After a short break from blogging, I have decided to make a comeback writing about a subject near and dear to my heart, that being water law. There are few areas of law that are defined by access to a particular resource and especially a resource of such catastrophic importance and variety of needs it fills. Aside from the obvious quenching of our thirst, it grows our crops, provides a habitat for fish, and satisfies recreational and aesthetic needs. The list goes on and on.
Water is one of the most plentiful substances on the planet, but it is precious because there never enough water of the right quality, in the right place, at the right time. Water might be little thought of on the coasts, but in the central United States, the competition for access to water resources is fierce.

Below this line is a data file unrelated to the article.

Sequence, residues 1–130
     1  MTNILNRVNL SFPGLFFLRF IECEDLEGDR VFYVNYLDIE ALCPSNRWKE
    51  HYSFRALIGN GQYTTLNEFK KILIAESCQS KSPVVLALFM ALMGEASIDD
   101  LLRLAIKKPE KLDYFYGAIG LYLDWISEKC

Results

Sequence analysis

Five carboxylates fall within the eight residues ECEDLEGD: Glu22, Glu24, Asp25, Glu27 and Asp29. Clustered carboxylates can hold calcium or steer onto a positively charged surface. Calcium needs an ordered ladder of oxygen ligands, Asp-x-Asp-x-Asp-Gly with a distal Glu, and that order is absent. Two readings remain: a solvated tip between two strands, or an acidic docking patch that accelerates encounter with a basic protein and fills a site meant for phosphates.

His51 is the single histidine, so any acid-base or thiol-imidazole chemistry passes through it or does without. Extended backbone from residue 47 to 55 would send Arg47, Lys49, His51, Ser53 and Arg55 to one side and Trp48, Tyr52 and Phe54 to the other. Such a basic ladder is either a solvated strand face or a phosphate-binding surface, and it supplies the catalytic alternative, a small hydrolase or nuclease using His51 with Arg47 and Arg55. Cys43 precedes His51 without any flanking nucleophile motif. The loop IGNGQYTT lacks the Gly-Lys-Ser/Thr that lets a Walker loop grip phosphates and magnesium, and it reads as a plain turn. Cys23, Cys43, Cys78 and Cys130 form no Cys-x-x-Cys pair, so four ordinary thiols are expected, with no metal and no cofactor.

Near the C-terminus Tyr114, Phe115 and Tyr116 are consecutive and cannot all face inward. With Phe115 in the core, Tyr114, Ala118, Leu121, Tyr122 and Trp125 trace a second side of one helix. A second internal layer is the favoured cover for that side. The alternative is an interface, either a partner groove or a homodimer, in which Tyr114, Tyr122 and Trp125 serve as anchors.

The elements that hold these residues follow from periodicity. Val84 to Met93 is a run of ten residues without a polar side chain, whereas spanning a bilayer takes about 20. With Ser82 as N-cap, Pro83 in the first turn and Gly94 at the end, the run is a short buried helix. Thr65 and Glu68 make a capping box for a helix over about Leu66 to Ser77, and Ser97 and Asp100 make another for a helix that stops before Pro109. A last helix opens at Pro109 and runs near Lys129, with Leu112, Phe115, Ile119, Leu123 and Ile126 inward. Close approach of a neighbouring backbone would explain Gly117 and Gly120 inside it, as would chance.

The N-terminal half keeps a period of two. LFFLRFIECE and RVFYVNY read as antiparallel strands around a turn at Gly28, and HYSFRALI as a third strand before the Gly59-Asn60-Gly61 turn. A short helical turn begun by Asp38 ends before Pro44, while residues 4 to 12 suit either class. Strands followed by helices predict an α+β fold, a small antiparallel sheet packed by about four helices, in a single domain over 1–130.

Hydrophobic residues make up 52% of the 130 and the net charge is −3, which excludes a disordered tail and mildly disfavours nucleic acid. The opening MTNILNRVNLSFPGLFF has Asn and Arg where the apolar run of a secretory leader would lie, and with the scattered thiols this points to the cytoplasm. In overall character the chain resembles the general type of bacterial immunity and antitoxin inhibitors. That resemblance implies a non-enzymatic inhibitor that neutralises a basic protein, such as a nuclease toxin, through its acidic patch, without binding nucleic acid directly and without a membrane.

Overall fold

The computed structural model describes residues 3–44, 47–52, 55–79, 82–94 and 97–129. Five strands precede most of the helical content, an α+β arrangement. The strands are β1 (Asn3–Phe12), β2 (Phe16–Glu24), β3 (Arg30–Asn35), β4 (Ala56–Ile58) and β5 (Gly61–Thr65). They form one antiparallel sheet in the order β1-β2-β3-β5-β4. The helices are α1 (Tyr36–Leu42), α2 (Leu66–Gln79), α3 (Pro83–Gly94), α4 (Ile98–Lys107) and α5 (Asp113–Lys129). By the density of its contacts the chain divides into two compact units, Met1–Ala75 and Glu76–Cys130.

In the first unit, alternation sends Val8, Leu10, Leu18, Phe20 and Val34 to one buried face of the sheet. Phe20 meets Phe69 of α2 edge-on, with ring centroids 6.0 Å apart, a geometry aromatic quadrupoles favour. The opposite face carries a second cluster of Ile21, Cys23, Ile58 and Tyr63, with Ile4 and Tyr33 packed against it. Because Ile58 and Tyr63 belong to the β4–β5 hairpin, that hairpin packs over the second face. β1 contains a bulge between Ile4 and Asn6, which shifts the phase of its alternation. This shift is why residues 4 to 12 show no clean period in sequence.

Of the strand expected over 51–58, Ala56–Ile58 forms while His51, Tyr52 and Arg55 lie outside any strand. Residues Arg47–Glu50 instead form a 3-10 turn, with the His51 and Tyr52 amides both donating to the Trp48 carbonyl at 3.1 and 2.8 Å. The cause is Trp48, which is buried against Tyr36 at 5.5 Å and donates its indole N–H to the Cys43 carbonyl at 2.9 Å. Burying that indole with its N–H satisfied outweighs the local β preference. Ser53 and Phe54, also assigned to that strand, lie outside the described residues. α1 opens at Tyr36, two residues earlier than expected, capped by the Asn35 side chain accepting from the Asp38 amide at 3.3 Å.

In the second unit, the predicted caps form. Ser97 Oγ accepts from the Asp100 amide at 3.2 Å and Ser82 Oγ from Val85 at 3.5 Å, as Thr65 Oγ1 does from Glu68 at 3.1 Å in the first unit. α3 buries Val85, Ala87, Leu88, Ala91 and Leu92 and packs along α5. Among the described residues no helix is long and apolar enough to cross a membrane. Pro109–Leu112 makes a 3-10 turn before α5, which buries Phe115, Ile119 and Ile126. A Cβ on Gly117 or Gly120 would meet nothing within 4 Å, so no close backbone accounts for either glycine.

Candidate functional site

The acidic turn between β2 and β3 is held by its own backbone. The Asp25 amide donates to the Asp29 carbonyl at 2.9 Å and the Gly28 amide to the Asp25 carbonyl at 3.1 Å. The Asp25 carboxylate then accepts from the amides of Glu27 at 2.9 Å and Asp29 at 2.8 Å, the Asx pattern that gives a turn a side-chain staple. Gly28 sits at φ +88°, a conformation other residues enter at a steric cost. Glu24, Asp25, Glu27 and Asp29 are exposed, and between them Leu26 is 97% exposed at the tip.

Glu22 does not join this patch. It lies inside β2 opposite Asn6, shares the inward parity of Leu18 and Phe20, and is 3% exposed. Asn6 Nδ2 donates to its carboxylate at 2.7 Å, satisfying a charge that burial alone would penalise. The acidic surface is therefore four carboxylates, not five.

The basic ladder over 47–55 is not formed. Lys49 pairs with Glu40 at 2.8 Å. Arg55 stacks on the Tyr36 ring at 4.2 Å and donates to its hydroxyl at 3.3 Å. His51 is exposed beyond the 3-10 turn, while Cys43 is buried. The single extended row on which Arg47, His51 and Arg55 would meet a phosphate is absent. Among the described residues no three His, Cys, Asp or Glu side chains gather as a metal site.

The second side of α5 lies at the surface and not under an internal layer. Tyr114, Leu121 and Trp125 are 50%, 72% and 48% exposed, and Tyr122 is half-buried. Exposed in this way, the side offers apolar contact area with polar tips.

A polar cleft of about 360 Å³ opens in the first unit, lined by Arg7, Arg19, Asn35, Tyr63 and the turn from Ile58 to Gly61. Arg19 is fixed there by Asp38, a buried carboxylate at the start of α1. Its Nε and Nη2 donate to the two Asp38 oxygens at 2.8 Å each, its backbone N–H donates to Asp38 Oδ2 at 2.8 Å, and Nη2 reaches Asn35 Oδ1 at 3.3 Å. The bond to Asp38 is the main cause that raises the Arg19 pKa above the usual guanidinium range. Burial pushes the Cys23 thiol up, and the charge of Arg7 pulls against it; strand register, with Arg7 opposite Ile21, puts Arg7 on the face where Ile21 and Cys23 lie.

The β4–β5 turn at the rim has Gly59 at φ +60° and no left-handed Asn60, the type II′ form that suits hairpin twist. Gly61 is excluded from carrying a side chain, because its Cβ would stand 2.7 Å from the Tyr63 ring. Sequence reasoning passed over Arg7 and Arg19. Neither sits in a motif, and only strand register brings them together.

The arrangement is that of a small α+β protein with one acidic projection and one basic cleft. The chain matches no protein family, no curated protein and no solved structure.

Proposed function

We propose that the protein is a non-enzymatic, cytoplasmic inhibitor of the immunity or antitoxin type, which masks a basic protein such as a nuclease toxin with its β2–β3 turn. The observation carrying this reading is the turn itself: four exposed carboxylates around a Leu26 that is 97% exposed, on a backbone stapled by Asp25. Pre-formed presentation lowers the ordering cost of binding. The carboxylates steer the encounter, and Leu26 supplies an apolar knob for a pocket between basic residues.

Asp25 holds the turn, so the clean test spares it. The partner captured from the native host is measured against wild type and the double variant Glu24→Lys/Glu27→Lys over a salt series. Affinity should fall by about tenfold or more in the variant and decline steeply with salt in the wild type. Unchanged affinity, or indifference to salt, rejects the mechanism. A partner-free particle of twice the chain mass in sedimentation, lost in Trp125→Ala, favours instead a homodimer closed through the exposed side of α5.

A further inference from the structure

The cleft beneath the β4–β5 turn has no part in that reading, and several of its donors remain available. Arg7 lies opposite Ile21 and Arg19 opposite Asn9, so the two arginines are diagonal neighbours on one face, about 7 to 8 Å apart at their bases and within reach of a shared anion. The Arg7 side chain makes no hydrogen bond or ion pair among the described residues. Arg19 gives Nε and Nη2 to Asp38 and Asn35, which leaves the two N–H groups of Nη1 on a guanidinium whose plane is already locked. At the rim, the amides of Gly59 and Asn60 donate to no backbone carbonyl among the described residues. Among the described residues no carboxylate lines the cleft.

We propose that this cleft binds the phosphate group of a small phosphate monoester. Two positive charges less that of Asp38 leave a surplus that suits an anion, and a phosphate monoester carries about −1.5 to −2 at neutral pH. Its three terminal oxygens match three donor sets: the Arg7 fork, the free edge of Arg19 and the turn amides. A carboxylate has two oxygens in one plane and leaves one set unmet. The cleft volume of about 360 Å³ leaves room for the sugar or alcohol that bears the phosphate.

Because of the inequalities in access to water found throughout the United States, American jurisdictions have developed radically different methods of allocating the resources: riparian, prior appropriation and hybrid.
Next time, we will start to go over these different types of law showing just how differently we have dealt with the allocation of water.